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Prove, or give a counter example: Let $\mu$ be a finite positive borel measure on $\mathbb{R}$. Then $\int (x-y)^{-2} d \mu (y) = \infty $ almost everywhere on $\mu$ (for the selection of x's).

This is a question I had in an exam, and the answer is supposed to be presented in less than 30 words, so there must be something quite simple I'm missing.

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Maybe the Lebesgue decomposition theorem can be of some help? If $\mu$ is absolutely continuous or discrete the claim is easy to prove. EDIT: This is the theorem I'm referring to –  Giuseppe Negro Apr 3 '11 at 19:18
    
I thought about it. But I don't see any easy way to solve either. Perhaps the continuous part (in respect to Lebesgue measure) could be shown to satisfy the infinite integral in any Lebesgue point on which the Radon differential has a non-zero value. But how would you deal with the singular part? –  yaakov Apr 3 '11 at 19:26
    
Isn't any discrete measure a sum of Dirac's deltas? I recall something like that. Let it be $\nu=\sum_{n=0}^\infty \lambda_n \delta_{x_n}$: so $\int(x-y)^{-2}\, d\nu=+\infty$ when $x=x_n$, that is, $\nu$-almost everywhere. –  Giuseppe Negro Apr 3 '11 at 19:30
    
why should it be? you can take any set of measure zero, and give it some funny distribution (take the Cantor distribution for example). EDIT: I think you are mistaking "singular" for "discrete", those are separate concepts. –  yaakov Apr 3 '11 at 19:32
    
Oh, you edited. Yes, in fact I was referring to the discrete part, not the singular part. Neither I have any clue on how to handle the latter. –  Giuseppe Negro Apr 3 '11 at 19:37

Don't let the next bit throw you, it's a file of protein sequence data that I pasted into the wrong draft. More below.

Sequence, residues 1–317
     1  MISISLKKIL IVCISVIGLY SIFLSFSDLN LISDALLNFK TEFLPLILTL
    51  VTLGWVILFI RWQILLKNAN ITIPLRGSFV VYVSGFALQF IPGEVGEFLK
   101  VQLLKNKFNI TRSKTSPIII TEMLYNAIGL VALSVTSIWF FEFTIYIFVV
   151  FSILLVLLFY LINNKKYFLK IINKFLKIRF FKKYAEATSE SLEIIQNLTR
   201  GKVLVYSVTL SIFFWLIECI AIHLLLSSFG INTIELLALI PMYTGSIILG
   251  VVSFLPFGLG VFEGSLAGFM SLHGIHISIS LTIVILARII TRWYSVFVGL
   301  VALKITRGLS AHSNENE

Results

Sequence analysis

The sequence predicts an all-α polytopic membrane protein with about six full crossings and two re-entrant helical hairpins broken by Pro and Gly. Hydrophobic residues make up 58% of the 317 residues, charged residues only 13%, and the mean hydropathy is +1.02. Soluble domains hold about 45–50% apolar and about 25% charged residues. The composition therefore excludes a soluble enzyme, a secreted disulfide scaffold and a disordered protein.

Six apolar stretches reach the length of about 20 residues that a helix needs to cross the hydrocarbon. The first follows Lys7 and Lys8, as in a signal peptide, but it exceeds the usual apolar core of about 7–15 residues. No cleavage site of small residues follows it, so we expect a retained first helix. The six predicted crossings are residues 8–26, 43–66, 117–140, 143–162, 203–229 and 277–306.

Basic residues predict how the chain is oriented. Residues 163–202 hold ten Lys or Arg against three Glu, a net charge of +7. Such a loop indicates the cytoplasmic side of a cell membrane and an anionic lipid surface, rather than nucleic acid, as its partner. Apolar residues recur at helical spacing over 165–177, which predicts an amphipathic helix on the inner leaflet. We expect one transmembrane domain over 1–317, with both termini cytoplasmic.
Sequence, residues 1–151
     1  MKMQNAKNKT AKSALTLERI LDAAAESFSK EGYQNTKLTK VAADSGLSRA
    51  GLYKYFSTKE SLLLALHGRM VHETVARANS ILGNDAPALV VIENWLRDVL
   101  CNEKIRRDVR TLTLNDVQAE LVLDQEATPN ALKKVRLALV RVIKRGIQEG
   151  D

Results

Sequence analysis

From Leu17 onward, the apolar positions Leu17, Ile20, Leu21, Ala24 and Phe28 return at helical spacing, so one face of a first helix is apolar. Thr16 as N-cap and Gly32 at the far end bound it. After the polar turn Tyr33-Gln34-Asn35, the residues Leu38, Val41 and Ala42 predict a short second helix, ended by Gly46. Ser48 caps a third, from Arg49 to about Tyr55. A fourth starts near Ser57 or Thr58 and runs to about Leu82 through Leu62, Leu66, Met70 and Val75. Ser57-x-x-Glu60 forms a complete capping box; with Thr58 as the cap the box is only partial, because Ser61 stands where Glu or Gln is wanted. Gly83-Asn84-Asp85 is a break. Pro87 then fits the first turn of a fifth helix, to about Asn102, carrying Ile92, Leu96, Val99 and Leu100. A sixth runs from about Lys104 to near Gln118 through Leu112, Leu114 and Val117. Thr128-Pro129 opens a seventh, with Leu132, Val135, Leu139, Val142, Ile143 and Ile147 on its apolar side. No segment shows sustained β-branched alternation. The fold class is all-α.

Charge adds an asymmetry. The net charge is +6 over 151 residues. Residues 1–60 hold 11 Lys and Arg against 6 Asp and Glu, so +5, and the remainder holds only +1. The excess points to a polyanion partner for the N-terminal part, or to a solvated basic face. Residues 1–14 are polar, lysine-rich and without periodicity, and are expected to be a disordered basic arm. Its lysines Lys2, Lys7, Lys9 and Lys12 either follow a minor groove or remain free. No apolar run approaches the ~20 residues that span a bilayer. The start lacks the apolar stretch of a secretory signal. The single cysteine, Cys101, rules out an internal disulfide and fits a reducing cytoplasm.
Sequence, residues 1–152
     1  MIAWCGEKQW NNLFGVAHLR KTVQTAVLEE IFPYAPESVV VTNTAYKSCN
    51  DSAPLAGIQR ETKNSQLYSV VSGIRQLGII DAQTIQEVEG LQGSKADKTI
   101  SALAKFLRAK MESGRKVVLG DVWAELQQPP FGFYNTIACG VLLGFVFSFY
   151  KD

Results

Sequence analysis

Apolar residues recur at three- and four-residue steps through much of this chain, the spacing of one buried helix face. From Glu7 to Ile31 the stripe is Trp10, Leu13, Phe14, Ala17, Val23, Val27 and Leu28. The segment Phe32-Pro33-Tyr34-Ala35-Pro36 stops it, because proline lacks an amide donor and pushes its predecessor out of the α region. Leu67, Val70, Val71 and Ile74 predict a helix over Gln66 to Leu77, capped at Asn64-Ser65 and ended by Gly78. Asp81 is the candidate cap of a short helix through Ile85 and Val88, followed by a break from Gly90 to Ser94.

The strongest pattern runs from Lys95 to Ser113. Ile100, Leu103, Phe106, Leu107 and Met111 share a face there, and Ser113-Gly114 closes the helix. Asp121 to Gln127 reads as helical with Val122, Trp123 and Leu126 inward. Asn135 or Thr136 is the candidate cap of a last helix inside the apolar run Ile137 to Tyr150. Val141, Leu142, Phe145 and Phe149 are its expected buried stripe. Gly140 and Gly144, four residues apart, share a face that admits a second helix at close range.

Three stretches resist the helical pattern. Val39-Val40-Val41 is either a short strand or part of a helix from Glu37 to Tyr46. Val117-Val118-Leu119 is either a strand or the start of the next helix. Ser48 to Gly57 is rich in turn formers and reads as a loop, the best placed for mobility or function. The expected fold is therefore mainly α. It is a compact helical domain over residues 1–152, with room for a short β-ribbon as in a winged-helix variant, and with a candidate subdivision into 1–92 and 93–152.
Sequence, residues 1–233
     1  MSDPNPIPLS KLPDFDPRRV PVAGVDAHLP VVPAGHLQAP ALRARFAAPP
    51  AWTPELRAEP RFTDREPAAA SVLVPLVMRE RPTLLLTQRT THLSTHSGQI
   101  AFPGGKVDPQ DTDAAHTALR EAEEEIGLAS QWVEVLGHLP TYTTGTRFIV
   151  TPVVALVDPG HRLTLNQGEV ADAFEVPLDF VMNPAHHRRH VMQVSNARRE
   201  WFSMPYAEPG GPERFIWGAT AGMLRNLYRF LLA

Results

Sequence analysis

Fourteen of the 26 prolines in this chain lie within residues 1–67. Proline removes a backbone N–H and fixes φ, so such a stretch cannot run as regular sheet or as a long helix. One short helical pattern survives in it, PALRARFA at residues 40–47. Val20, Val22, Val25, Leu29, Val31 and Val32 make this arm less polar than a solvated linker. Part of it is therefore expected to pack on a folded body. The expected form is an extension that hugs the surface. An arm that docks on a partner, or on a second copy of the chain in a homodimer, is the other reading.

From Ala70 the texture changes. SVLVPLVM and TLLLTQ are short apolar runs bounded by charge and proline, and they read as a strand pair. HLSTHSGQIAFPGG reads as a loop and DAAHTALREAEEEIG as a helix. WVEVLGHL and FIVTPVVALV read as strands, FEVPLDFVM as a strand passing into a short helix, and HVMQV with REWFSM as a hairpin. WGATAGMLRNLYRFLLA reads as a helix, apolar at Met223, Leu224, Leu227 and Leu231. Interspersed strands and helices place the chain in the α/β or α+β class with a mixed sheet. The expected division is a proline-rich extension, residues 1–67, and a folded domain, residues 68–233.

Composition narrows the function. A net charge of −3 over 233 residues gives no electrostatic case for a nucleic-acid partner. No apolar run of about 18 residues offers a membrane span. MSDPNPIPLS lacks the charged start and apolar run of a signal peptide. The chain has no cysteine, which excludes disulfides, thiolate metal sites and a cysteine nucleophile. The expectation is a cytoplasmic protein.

2 Answers 2

up vote 4 down vote accepted

Yes it is true. Consider the set $S$ on which the integral in question is bounded by a positive value $K$. Then $\mu$ cannot have measure greater than $K\epsilon^2$ on any interval of width $\epsilon$ intersecting $S$. However, any interval $[a,b]$ can be divided into $n$ intervals of width $(b-a)/n$. So, $\mu(S\cap[a,b])$ is bounded by $n K ((b-a)/n)^2$. Let $n$ go to infinity.

I didn't count, but I know that exceeded 30 words by a fair margin.

The argument is easily adapted to show that $\int\vert x-y\vert^{-1-\epsilon}\,d\mu(y)$ is infinite $\mu$-almost everywhere for any $\epsilon > 0$. The more difficult question is whether the same holds for $\int\vert x-y\vert^{-1}\,d\mu(y)$.

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this is a clumsy solution and certainly too long - but anyway. The answer is yes. There is a (weakly) increasing function $f:I\to\mathbb{R}$ such that $\mu$ is the push-forward of the Lebesgue measure on $I$ to $\mathbb{R}$ ($f$ is, roughly speaking, the inverse of $F(x)=\mu((-\infty,x])$). Your integral becomes $\int_I (f(x)-f(y))^{-2} dy$ (where "your $x$" is "my $f(x)$"). Since $f$ is monotone, it has a derivative a.e. If $x$ is in the set where the derivative is $<A$ (for any positive $A$) then the integral is $\infty$ by comparison with $\int_I (x-y)^{-2} dy$. Hence the integral is $\infty$ for a.e. $x$.

(not very pretty - but possibly correct :)

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Looks like it works. And it should also apply to $\int\vert x-y\vert^{-1}\,d\mu(y)$. Or, indeed, to $\int\theta(\vert x-y\vert)\,dy$ for any decreasing function $\theta$ satisfying $\int^{0+}\theta(x)\,dx=\infty$. –  George Lowther Apr 3 '11 at 22:30

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